ON THIS PAGE: You will find information about how many children and teens are diagnosed with this type of cancer each year. You will also learn some general information on surviving the disease. Remember, survival rates depend on several factors. To see other pages, use the menu on the side of your screen.
Each year, about 225 children and teenagers in the United States are diagnosed with a Ewing tumor, most of which will be Ewing sarcoma. Ewing tumors make up about 1% of all childhood cancers. Most Ewing tumors are diagnosed in teenagers, but they can also affect children and young adults in their 20s and 30s.
The 5-year survival rate tells you what percent of children live at least 5 years after the cancer is found. Percent means how many out of 100. The 5-year survival rate for children with a Ewing tumor that has not spread is about 70%.
If the tumor has metastasized (spread) at the time of diagnosis, the 5-year survival rate is about 15% to 30%. The survival rate is slightly higher for children with a tumor that has only spread to the lungs compared with a tumor that has spread to other organs.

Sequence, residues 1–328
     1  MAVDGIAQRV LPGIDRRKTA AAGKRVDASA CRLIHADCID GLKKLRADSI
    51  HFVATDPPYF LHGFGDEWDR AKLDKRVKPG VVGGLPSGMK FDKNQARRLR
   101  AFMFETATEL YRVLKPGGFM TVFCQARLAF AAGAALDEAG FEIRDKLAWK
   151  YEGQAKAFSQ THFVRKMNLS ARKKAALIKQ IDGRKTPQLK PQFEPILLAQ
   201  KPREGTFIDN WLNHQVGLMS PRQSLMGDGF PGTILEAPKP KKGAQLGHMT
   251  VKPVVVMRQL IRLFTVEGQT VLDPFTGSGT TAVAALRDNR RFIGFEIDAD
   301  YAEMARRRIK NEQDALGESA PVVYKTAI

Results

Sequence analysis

It is important to remember that statistics on how many children survive this type of cancer are an estimate. The estimate comes from data based children with this cancer in the United States each year. So, your own child’s risk may be different. Doctors cannot say for sure how long any child will live with a Ewing tumor. Also, experts measure the survival statistics every 5 years. This means that the estimate may not show the results of better diagnosis or treatment available for less than 5 years. Learn more about understanding statistics.
Statistics adapted from the American Cancer Society.
The next section in this guide is Medical Illustrations. It offers drawings of body parts often affected by this disease. Or, use the menu on the side of your screen to choose another section to continue reading this guide.